I was a house.
I was new and clean, my foundation strong and foreign to the small hill I had made mine. The sunlight trickled right over me, my roof sparkling in its soft rays.
I was happy.
Until, one day, a wolf came knocking at my door. I opened it wide, smiling at him. I invited him in, not noticing how the sunlight seemed to die just where he walked.
He started to lie, to play games and change who I was. He rearranged my home to his own liking.
He began to destroy it, to destroy me, bit by bit. He always glued all the pieces back together straight afterwards, and I was content to pretend that being a mosaic was just fine.
But then I started to notice things.
The sun no longer resided over me. My home lay under a ceaseless cloudy gloom; the flowers that had sprung up outside before in multitude were withered and dead. I started to see the hideous cracks scarring the walls and the floors and the doors and me.
I screamed, and at the shrill sound of my realization, everything the wolf had broken within my once happy home came tumbling down, just on the inside, for none to see.
He ran out the door with his hands over his ears, a smirk written across his visage. I locked the door behind him and mourned my loss.
I couldn’t fix the destruction on my own, so I called to a friend, one who I knew would help me rebuild my treasured home.
She’d just escaped from her own wolf, a twisted, bitter creature who had attached himself to her for so so long.
We’d rejoiced when she’d finally slipped out of his fangs.
She arrived at my call, and I showed her every single room, every broken and bitter thing, minding that she watched her step. Sharp shards of my belongings were haphazardly scattered about, after all. I stared at her strangely as she picked through them and scooped up a few pieces, zipping them away into her bag. She didn’t notice that I noticed. I said nothing. We kept walking.
I told her how I struggled as I attempted to repair that which I couldn’t and shouldn’t, ignoring what reconstruction should have been made first. I told her how I continued to destroy what little was left in this home, my heart.
I gave her the key to my most secret, twisted, painfully destroyed room. The one I thought only she could help me fix. The one I entrusted only her with. She smiled sweetly as she gracefully stepped over the fractures of me, telling me all of it could be repaired in a short, short time that was so unreasonably soon in my mind that I never really believed her. I nodded along anyway, but I started to feel strange around her. Doubt nipped at the corners of every room. Was she really here to help me? I questioned her as I began to sort through my chaos, and she smiled once more.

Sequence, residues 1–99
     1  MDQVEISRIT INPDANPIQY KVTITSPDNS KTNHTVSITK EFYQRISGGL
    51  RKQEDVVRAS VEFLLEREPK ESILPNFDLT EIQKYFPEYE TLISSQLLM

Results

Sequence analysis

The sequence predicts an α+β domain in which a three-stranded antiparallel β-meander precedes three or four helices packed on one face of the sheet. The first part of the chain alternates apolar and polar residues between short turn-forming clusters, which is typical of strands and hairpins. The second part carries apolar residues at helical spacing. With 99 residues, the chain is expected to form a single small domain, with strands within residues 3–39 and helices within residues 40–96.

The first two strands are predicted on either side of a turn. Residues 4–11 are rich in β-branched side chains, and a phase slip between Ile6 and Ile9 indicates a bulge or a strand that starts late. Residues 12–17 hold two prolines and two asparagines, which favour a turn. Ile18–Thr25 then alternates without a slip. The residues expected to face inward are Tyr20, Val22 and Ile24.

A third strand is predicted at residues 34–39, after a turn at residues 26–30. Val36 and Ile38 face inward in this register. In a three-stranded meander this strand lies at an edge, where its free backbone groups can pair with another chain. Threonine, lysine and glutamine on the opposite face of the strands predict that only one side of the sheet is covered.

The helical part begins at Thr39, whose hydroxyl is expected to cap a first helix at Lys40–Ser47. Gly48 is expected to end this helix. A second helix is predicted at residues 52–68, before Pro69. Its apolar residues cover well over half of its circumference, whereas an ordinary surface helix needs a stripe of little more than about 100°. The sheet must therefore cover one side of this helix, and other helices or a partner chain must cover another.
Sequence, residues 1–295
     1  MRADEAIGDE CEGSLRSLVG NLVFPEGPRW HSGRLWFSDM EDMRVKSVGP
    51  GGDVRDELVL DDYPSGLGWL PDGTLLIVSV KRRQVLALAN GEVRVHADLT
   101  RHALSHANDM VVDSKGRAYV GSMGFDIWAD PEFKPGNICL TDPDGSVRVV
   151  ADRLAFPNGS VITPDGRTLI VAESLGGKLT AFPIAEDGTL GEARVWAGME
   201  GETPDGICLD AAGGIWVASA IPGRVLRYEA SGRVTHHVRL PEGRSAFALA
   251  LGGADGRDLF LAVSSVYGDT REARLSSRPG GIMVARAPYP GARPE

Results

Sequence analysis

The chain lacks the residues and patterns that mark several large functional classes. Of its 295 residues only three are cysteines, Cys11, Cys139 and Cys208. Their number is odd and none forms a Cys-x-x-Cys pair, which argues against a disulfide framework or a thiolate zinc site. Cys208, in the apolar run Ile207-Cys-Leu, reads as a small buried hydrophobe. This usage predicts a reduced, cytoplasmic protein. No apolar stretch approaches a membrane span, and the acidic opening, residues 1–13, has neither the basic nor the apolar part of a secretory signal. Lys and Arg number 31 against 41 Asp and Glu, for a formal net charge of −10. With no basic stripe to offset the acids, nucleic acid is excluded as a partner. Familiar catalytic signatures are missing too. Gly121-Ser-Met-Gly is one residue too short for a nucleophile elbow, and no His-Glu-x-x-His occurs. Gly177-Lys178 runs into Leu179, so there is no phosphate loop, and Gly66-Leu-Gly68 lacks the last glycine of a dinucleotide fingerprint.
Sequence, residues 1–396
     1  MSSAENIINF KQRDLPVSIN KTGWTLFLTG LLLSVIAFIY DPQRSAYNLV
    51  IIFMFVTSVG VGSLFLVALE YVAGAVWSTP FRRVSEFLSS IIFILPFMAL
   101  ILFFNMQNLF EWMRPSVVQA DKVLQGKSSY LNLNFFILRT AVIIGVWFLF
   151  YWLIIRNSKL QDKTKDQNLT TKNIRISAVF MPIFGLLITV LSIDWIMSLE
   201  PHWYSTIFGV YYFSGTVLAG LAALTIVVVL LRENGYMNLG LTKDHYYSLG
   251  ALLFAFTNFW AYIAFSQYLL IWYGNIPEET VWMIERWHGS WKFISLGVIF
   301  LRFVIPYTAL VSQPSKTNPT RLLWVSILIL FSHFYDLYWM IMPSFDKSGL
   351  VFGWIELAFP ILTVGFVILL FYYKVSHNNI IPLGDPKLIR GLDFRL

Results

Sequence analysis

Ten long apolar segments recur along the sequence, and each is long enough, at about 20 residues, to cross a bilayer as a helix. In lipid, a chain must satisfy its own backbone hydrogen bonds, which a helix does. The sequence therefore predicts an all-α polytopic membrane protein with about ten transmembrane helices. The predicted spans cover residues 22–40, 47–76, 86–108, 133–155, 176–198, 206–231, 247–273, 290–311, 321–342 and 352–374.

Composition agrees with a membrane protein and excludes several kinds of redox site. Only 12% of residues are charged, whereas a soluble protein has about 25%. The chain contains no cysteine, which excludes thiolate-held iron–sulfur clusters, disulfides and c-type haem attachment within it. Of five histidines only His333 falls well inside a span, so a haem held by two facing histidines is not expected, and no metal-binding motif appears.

“Of course,” she soothed.
I was silent.
The next day I stepped inside of my home and I could not find her.
I ran and searched through all my suddenly empty hallways and rooms and thoughts frantically, while the building moaned and wailed at my steps.
The windows rattled and screeched, the tattered curtains whipping up and around them, hissing like frightened snakes.
My frenzied search had been unsuccessful. Where was she?
I at last stood breathless before the final room. The most secret, broken one, the one only she and I held the key to.
I did not hesitate.
I threw open the door.
She was there.
But she wasn’t alone.
She was turned away from me,
Hand with
The wolf.
I screamed.
They startled.
“What are you doing here?” I whispered.
He merely smiled. She seemed annoyed.
“Do you mind?” She dismissed me with one hand.
I shook with a hurricane of unidentifiable emotions.
“How could you be in here? Like this?” My voice cracked. It sounded like a dying wind.
“What? Are you trying to take this away from me? You know I need this.” She said, her eyes and voice full of bitter venom.
I was stunned.
“I thought you were here to fix…me…”
She stared at me like I was as stupid as I felt.
“Your repairs are done. Haven’t you seen them?”
I shook my head.
“No, they aren’t. Everything is just…empty.”
But she’d turned around again, laughing and laughing and laughing with the wolf.
The wolf that was no longer mine.
She didn’t notice the way his eyes glittered just like his eager fangs.
I called out to her
And again
But she didn’t turn around
And he leaned in closer
Sharpened his teeth as she
I couldn’t watch.
I left.
I stepped out of my secret, special, broken room, which was somehow no longer mine.
The house began to tremble.
I fell to my hands and knees, silently watching my tears make puddles on the cold, bare, floor, as my empty home began to collapse, all around me.
For its foundation had finally crumbled,
And I,

Wow! Thank you for one hundred followers! I’ve been here for about three months now, and it’s been a great experience. Thank you for reading my writing, leaving your comments, and following my page! I am honored by your presence!

-Megan M. Phillips


6 thoughts on “Condemned

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